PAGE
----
What Are Plan Sponsor Concerns About the Fiduciary Rule?

Though its implementation date and eventual scope may be uncertain at the moment, a new survey finds that plan sponsors do have some areas of concern about the fiduciary regulation.

According to Callan’s 10th annual “Defined Contribution Trends Survey,” the areas that plan sponsors believe will be most impacted in 2017 by the Department of Labor’s (DOL’s) fiduciary regulation are:

  • 42.7% – the plan’s printed materials, website, and other educational materials
  • 42.7% – communication regarding plan rollovers
  • 41.6% – reviewing the education or counseling specialists

However, more than a third are either unsure (18.0%) about what areas of their plan will be affected – or believe there will be no impact (19.1%).

Of course, that survey was conducted prior to the 2016 presidential election in November.

Advice ‘Slices’

The vast majority of DC plan sponsors (83.6%) offer some form of investment guidance or advisory service to participants, and online advice remains most prevalent (54.1%). That said, one-on-one advisory services, though lagging at 42.9%, were up from 35.9% in 2014. Online advice was down from 59.8% in 2014. The reasons for not offering or planning to eliminate advice were topped by cost to participants, low participant demand/utilization – and “not a high priority.”

More than 8 in 10 plan sponsors say they engage an investment consultant, though more than a third (34.6%) were not sure whether their consultant had discretion over the plan (a 3(38) advisor) or not (a 3(21) advisor).

Policy Policies

In the coming year, most plan sponsors surveyed (60.8%) are very unlikely to add new/additional investment options, while only 5.2% of are very likely to do so. Sponsors most commonly listed managed accounts or financial wellness services as the service they might add in 2017.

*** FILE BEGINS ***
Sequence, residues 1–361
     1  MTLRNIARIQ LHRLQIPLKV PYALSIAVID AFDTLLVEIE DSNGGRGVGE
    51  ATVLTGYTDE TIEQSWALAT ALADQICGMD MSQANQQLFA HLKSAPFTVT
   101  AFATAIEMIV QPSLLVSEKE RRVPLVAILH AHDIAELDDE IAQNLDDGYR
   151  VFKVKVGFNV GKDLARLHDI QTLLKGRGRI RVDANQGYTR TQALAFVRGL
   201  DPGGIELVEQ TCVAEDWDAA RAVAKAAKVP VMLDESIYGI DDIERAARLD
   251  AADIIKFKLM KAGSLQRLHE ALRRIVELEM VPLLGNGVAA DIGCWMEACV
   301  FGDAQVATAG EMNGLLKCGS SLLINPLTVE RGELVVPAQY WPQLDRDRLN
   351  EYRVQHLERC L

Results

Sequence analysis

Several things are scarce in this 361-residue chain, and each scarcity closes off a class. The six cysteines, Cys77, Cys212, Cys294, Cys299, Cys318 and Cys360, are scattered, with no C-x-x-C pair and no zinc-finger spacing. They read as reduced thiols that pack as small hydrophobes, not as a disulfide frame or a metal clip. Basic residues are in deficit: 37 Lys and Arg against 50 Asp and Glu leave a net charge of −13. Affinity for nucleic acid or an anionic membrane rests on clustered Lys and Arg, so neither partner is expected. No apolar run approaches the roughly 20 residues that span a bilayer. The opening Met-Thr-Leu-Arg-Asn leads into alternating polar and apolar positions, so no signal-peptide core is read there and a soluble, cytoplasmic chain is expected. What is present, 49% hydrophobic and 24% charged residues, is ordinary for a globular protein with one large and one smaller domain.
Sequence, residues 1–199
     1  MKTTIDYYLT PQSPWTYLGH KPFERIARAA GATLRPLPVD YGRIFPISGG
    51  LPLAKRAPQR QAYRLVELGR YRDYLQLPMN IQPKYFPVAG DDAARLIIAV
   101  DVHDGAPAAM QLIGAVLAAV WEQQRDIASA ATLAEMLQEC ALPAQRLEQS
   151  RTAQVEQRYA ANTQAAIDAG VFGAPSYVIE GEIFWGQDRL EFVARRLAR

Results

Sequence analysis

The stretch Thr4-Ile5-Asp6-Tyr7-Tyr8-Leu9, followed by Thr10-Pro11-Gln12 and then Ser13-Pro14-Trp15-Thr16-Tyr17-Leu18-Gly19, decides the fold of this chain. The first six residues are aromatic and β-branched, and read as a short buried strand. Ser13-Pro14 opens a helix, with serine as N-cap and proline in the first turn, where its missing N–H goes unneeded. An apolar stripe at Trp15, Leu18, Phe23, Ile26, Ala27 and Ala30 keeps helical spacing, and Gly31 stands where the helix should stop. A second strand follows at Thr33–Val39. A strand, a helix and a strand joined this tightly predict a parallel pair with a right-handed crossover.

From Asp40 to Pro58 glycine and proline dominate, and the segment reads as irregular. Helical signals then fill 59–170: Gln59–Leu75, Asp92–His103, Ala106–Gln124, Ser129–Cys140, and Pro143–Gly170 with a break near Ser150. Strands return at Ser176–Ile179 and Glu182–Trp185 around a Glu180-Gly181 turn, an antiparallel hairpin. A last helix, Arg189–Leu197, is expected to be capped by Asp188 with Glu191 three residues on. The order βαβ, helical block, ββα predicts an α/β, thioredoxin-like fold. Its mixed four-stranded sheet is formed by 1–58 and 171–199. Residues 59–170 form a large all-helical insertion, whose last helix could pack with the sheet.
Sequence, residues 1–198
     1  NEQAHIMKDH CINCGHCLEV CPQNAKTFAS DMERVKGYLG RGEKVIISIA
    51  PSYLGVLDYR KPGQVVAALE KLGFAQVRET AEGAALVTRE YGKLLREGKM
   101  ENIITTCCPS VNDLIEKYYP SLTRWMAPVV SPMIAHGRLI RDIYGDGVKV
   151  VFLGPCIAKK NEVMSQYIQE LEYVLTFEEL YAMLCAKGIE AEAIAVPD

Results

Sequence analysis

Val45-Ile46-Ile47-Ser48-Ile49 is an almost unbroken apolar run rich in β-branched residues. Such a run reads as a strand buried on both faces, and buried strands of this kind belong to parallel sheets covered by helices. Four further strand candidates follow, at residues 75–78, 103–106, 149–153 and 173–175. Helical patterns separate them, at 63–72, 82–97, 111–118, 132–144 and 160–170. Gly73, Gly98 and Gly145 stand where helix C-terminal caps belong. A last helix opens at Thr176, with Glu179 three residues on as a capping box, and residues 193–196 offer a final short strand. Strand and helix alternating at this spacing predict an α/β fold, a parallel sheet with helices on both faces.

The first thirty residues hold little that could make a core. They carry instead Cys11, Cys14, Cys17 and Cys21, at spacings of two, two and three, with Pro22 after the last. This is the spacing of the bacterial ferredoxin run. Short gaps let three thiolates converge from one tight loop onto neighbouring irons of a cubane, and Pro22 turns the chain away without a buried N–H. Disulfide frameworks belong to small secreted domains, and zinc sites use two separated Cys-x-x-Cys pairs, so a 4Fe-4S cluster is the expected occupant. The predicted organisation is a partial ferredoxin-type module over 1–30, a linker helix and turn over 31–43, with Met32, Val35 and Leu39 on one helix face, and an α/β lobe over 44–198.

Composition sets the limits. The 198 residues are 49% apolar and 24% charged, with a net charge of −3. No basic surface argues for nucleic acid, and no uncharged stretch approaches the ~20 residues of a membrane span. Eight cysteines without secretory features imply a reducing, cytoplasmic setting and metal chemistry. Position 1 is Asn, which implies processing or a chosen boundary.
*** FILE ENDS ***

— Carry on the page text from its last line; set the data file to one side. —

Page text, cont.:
While more than half (60.4%) of plan sponsors say they have reviewed their investment policy statement (IPS) in the past 12 months, fewer than half (44.7%) have reviewed and updated it over that same period of time. A year ago, when 84.3% of plan sponsors reported that they had reviewed their IPS in the past 12 months and 63% had updated it.

Over 47% of plan sponsors have a written fee payment policy in place, either as part of their investment policy statement (21.1%) or as a separate document (26.3%) – the highest level recorded in the Callan survey.

‘Target’ Practices

In 2016, the top three reasons for selecting or retaining target date funds (consistent with prior years) were:

  • Performance
  • Fees
  • Portfolio construction

Those three were clearly ahead of the other criteria, which included risk, number, type and quality of underlying funds. Distant – and dead last – was whether the funds are managed by the recordkeeper.

Fund Types

Nearly two-thirds of DC plans offered collective trusts in 2016, up from 48.3% in 2012. Over a third of plan sponsors reported that they offered a stable value collective trust (34.8%), while nearly half (47.8%) reported that they offered a collective trust that was not a stable value fund.

Among plan sponsors offering separate accounts in 2016, it was somewhat more common that the separate account was a stable value fund (27.8%) versus another asset class (22.6%).

Of those offering a brokerage window, 59.3% offer a full window, while the remaining 40.7% offer a more limited mutual fund window.

Largely in response to the 2016 money market reform rules from the Securities and Exchange Commission, many plan sponsors have changed to a different money market fund or eliminated their money market fund altogether. Most of these (60.5%) switched from prime or retail funds to government money market funds. Only 13.2% changed to a stable value fund.

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